China denies Donald Trump's allegation of its meddling in US elections, demands Washington to show 'mutual respect'
Accusations of election meddling are especially sensitive in the US, given the political maelstrom over Russia's alleged intervention to support Donald Trump in the 2016 presidential vote
Beijing: China on Wednesday called on the United States to show "respect" in their trade spat and refuted President Donald Trump's claims that it was meddling in the US midterm elections by taking aim at his political base.
The comments followed a combative series of tweets claiming Beijing's retaliatory import duties on US goods were seeking to influence knife-edge midterm congressional elections due in November, where Trump's Republicans fear losing control of Congress.
But Chinese foreign ministry spokesman Geng Shuang rejected the claims, saying: "Anyone who has some knowledge of China's diplomacy will know that we will not interfere in other countries' domestic affairs."
"We don't want others to interfere in our domestic politics, and we will not interfere in the domestic politics of others," Geng said at a regular press briefing.
Accusations of election meddling are especially sensitive in the US, given the political maelstrom over Russia's alleged intervention to support Trump in the 2016 presidential vote.
The US announced Monday that it would push ahead with tariffs on $200 billion in Chinese goods, on top of $50 billion already targeted.
This means the additional levies will hit more than half of US goods from China - its largest source of imports.
After China retaliated on Tuesday with duties on $60 billion of American products, Trump accused China of trying to sway the elections.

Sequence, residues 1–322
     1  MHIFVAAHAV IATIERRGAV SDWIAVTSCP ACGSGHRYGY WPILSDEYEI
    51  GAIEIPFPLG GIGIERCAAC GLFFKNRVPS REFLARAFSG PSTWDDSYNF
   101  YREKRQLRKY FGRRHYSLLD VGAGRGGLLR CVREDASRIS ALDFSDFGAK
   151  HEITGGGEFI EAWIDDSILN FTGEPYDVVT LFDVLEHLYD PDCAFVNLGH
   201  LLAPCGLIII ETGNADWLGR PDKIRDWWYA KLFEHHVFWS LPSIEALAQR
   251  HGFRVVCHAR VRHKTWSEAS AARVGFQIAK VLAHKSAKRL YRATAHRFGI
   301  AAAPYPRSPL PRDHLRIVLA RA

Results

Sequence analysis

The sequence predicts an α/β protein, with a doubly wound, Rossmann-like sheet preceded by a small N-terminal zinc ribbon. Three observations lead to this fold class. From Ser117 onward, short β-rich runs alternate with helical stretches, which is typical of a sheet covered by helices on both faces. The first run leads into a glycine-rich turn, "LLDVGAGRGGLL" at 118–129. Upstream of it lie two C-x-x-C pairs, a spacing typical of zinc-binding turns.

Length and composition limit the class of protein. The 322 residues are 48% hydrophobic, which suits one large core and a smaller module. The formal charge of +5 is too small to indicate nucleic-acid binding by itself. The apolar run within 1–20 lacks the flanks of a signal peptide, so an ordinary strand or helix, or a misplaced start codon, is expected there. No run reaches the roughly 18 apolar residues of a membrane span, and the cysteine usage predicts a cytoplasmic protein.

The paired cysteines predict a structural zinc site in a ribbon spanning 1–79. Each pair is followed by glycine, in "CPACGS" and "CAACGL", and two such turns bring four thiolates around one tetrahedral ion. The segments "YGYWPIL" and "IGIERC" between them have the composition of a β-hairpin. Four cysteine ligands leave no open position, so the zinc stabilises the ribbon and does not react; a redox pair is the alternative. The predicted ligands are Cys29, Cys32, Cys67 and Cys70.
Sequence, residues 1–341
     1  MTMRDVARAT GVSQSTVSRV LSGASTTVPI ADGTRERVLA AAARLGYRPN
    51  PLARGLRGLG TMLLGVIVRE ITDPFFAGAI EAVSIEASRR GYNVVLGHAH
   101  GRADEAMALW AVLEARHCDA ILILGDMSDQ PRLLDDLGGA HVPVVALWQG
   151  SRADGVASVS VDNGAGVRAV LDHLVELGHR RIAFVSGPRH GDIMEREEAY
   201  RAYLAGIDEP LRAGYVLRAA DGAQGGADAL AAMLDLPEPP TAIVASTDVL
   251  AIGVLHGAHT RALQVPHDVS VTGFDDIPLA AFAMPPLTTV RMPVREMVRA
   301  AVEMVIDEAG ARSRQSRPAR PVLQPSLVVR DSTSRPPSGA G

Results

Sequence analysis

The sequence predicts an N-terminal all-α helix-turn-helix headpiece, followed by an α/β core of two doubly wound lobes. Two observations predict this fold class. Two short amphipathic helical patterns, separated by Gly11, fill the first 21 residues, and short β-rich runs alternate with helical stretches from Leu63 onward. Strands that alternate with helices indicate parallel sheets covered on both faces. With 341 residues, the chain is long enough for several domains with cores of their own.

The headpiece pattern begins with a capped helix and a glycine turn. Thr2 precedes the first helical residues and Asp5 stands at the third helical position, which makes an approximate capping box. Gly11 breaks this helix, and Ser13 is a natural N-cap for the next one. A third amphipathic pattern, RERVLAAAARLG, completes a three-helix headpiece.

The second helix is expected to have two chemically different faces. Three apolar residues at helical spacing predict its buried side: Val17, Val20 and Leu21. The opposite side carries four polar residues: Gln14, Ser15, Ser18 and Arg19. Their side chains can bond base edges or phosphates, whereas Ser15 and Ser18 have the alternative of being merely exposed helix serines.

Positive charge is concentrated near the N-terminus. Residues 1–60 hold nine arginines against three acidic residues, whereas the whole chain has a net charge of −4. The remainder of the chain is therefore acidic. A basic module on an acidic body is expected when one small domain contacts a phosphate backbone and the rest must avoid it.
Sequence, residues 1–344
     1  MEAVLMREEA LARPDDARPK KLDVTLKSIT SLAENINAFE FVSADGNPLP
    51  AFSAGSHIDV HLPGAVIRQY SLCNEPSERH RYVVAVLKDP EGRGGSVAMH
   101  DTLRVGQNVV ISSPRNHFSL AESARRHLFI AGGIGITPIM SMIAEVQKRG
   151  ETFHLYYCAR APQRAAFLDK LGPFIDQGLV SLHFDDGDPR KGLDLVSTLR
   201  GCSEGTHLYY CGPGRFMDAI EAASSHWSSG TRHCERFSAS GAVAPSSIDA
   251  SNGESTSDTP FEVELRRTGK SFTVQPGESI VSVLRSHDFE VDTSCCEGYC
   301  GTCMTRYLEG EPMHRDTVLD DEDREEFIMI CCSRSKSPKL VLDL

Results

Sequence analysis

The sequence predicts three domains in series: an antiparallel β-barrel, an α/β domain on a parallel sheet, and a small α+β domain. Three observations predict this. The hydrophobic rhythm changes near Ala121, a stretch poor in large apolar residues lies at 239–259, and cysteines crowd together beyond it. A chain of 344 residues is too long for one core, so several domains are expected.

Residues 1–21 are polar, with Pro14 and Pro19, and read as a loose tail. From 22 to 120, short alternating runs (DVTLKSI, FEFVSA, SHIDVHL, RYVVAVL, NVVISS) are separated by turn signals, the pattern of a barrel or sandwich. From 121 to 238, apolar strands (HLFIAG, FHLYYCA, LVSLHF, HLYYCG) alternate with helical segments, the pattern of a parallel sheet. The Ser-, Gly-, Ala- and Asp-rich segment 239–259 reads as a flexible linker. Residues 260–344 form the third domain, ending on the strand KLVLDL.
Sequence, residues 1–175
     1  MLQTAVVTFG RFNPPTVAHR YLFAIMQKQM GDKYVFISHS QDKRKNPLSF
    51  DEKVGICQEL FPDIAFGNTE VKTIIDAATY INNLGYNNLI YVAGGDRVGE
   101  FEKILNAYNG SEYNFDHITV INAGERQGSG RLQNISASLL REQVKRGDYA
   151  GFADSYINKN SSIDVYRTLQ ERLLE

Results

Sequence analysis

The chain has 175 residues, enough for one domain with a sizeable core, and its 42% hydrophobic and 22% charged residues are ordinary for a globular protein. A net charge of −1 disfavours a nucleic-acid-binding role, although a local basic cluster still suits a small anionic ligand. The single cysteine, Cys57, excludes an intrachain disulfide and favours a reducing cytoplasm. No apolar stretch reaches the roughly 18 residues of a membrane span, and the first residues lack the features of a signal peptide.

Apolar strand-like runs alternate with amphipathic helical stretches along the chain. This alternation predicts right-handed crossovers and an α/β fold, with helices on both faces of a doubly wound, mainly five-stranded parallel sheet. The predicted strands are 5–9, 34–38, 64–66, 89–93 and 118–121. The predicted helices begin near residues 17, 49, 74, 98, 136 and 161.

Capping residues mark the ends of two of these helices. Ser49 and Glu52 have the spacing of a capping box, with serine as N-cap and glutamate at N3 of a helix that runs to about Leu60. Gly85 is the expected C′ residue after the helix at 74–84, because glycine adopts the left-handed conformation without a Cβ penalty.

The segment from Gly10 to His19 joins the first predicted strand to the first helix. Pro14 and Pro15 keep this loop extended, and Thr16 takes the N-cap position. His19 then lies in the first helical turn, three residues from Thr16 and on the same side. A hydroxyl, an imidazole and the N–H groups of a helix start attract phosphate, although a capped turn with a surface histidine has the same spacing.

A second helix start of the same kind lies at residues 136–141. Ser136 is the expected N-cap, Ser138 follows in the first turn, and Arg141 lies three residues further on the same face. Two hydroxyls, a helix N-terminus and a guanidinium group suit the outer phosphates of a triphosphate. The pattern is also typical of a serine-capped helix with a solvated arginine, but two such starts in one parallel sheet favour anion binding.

'Great and fast' retaliation
"China has openly stated that they are actively trying to impact and change our election by attacking our farmers, ranchers and industrial workers because of their loyalty to me," Trump wrote on Twitter.
"China has been taking advantage of the US on Trade for many years. They also know that I am the one that knows how to stop it," he added, warning of a "great and fast economic retaliation" if China targets American farmers and industrial workers.
Some of the items included in the new tariffs announced Tuesday include a slew of daily necessities like diapers and furniture - which would hit US consumers hard - as well as solar panels and liquified natural gas.
In July, Beijing had announced a 25 percent increase in tariffs on soybeans, dealing a blow to Trump's rural base in the soy-growing American heartland.
China, the world's biggest importer of soybeans - used in cooking oil and animal feed - bought about one third of its beans from the US in 2017.
The US also accuses China of seeking global industrial dominance through industrial espionage and forced transfers of technology from foreign companies, state-sponsored corporate acquisitions, illicit market interventions, subsidies and dumping.
Despite the escalating trade tensions, Washington had last week asked China for a new round of trade talks led by US Treasury Secretary Steven Mnuchin.
"On the one hand the US is making contact for dialogue and extending invitations but on the other hand it is threatening with sanctions, with pressures," Geng said on Wednesday.
"These little actions by the US have become the routine, and we are prepared for them," he said, calling on Washington to show "mutual respect", "sincerity" and "good faith".
Meanwhile, Chinese Premier Li Keqiang railed against "unilateralism" in a veiled allusion to the trade war while also calling for disagreements to be worked out through consultations.
"It is essential that we uphold the basic principles of multilateralism and free trade," Li said in his speech at the summer session of the World Economic Forum in the eastern Chinese city of Tianjin.
Li also rejected claims made by Trump in the past that China was manipulating its currency to offset the cost of tariffs.
"For China, depreciation holds more negatives than positives," he said.
Still, he acknowledged China faced problems, like infrastructure investment levels falling to record lows and external trade friction.
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